Jackie Bohlen -- KBW -- Analyst

Hi, good morning, everyone.

Randy Chesler -- President and Chief Executive Officer

Good morning, Jackie.

Jackie Bohlen -- KBW -- Analyst

Just wondering if you could provide us with an update, given some of the fluctuations in the securities portfolio as to where you're thinking about a target range of securities to assets. Ron, I know you mentioned you're going to be purchasing [Indecipherable] and you're deploying some cash, but just wanted to know where you're thinking about that ratio going forward?

Ronald Copher -- Chief Financial Officer

Don't want to go below the 20%. I could see it going up 21%, no more, just -- so, I think that's the absolute best number I can give you right now, Jackie. I'm truly hoping that excess cash flows into loans, but you've heard the comments.

Jackie Bohlen -- KBW -- Analyst

Okay. So pretty steady from here.

Ronald Copher -- Chief Financial Officer

Yes.

Jackie Bohlen -- KBW -- Analyst

And then, I just wanted to make sure that I understand all the NIM commentary and how those different actions play in with each other. So essentially, the actions that you took in September will have a positive flow through next quarter, because you'll get the full quarter's effect and those will, in essence, offset some of the other pressures from the adverse rate environment to keep the margin fairly flattish. Is that the message?

Randy Chesler -- President and Chief Executive Officer

Exactly right.

Jackie Bohlen -- KBW -- Analyst

Okay, thank you.

Randy Chesler -- President and Chief Executive Officer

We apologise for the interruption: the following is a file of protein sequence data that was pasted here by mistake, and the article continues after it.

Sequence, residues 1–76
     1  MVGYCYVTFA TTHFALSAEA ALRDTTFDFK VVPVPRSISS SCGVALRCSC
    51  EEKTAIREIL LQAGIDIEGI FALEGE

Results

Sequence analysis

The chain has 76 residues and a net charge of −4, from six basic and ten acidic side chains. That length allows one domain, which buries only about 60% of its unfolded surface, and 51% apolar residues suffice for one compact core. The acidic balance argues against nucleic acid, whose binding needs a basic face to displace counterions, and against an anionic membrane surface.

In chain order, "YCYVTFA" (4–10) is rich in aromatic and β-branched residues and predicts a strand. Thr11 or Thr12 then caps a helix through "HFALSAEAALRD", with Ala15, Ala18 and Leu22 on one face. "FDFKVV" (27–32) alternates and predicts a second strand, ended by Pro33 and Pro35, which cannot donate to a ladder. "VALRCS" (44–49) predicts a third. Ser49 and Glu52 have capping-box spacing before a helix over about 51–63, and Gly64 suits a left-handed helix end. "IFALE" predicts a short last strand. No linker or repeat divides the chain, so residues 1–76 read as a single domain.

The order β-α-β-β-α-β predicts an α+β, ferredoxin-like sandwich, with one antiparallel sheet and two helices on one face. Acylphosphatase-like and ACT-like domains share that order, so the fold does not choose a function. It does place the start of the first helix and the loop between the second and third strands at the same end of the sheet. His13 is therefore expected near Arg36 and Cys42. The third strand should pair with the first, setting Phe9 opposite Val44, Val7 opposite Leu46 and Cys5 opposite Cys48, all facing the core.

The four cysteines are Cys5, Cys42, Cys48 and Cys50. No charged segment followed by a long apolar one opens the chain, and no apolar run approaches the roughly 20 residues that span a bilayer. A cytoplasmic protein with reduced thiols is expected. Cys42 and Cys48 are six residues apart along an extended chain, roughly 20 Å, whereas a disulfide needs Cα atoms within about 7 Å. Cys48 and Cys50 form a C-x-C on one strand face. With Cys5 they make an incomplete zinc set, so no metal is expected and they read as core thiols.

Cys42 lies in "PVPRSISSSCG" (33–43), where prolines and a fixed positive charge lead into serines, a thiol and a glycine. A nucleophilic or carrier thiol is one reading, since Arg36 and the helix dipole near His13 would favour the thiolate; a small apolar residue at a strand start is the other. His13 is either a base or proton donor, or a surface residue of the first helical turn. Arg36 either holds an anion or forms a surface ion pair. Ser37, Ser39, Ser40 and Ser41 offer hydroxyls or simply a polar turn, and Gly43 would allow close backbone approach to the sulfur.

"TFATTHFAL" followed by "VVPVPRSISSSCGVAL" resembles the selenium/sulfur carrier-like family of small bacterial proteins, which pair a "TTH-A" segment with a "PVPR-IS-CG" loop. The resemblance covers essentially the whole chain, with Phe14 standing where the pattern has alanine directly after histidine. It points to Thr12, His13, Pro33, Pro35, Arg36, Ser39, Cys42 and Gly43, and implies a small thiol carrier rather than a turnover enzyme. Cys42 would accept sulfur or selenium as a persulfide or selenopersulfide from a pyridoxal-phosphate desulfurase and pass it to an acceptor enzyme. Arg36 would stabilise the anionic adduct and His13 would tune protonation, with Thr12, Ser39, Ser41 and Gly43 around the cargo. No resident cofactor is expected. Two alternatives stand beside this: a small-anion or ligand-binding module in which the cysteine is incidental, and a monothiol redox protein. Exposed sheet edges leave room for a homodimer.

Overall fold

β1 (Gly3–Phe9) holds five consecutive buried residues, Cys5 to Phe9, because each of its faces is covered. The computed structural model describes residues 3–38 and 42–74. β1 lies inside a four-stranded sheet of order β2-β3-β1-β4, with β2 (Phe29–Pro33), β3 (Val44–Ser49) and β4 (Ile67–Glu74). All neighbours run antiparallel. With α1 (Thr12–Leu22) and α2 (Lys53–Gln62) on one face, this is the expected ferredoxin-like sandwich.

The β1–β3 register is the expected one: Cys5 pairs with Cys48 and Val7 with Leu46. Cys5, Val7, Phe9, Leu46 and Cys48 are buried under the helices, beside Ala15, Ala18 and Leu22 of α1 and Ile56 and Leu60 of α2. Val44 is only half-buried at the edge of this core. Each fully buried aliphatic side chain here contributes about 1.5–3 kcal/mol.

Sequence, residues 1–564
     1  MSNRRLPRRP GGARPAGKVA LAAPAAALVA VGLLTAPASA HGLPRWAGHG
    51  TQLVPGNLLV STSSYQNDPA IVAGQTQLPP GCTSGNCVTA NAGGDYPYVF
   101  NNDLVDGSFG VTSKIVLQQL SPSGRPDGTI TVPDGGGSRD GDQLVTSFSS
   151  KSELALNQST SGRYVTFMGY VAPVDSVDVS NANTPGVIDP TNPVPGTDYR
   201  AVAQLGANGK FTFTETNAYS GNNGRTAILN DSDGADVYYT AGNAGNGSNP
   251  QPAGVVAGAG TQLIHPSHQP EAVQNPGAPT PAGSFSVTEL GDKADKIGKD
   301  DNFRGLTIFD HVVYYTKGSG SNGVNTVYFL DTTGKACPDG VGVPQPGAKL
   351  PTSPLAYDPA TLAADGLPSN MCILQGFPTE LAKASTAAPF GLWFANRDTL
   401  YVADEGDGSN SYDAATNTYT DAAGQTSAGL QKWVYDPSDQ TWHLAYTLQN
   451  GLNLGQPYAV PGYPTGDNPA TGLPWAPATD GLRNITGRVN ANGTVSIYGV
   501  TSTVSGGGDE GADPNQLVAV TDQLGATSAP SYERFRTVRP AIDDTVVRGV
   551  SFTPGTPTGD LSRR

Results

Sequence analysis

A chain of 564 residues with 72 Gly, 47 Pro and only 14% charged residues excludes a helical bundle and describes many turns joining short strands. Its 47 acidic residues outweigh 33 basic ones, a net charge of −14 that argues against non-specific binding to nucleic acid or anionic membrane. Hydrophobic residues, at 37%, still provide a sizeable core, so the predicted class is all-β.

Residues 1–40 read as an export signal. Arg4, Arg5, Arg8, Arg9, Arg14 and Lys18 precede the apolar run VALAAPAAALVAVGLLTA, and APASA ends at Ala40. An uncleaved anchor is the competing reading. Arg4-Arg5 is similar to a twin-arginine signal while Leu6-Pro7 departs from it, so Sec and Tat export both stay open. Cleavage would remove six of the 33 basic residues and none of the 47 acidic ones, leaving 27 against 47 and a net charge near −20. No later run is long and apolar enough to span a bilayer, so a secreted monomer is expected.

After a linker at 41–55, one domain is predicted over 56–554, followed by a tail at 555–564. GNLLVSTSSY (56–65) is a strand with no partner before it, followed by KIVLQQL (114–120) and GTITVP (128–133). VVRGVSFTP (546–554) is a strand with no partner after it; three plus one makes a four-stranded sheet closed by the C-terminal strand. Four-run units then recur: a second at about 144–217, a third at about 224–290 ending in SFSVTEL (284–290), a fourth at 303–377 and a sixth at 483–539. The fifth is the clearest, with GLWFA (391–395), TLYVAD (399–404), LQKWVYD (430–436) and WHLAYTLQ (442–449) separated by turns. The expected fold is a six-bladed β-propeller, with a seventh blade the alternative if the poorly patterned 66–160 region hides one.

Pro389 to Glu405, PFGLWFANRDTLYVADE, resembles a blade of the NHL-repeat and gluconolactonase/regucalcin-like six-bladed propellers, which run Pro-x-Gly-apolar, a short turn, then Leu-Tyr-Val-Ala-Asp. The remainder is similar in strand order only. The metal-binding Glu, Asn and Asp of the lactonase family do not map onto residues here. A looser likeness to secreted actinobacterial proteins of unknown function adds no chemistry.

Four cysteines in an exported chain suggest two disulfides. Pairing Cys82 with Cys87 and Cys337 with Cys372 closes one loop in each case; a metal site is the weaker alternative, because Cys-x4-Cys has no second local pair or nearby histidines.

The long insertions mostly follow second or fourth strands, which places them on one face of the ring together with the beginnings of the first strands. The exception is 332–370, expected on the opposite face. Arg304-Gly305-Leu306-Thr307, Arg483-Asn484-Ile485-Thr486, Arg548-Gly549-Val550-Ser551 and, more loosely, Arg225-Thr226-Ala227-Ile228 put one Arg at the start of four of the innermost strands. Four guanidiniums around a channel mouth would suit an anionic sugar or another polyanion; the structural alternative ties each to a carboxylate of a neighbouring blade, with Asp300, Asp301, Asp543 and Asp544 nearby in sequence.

You bet.

Jackie Bohlen -- KBW -- Analyst

And then, just one broader one and probably for you, Randy. So you've had an excellent year with M&A just in terms of announcing and closing deals in fairly rapid succession. If you -- you get this most recent one closed, you'll have one closing in 2Q, 3Q and 4Q. How are you feeling about future acquisitions. Is everything -- do you anticipate if that conversion takes place in 1Q to be fully integrated and ready to jump into the next one? Just your updated thoughts on everything.

Randy Chesler -- President and Chief Executive Officer

Yes. No, with this -- so, this was a record year in terms of announced transactions for us with the three transactions, First National Bank and Layton Heritage and now State Bank, close to $2 billion in assets. And the team, I think, has done an incredible job of working on those and closing them and then doing the integration. I think, we continue to have the doors open. We continue to talk to folks. We feel, if there is the right opportunity, that's something we can act on next year, but we're going to continue our disciplined approach to the market and just look for the best, really good banks, good markets, good people. So we -- that may mean another one is on the table, it may mean that we just not are seeing what we like to see. It's just difficult to tell at this point in terms of the quality of the deal flow, but we are -- the team is -- muscle memory on acquisitions is sharp and so I think we'll get through the ones we have and if something very compelling appears, we're going to take a hard look at it.

Jackie Bohlen -- KBW -- Analyst

Okay. And does the implementation of CECL have any effect on how you think about deal announcement timing and closing?

Randy Chesler -- President and Chief Executive Officer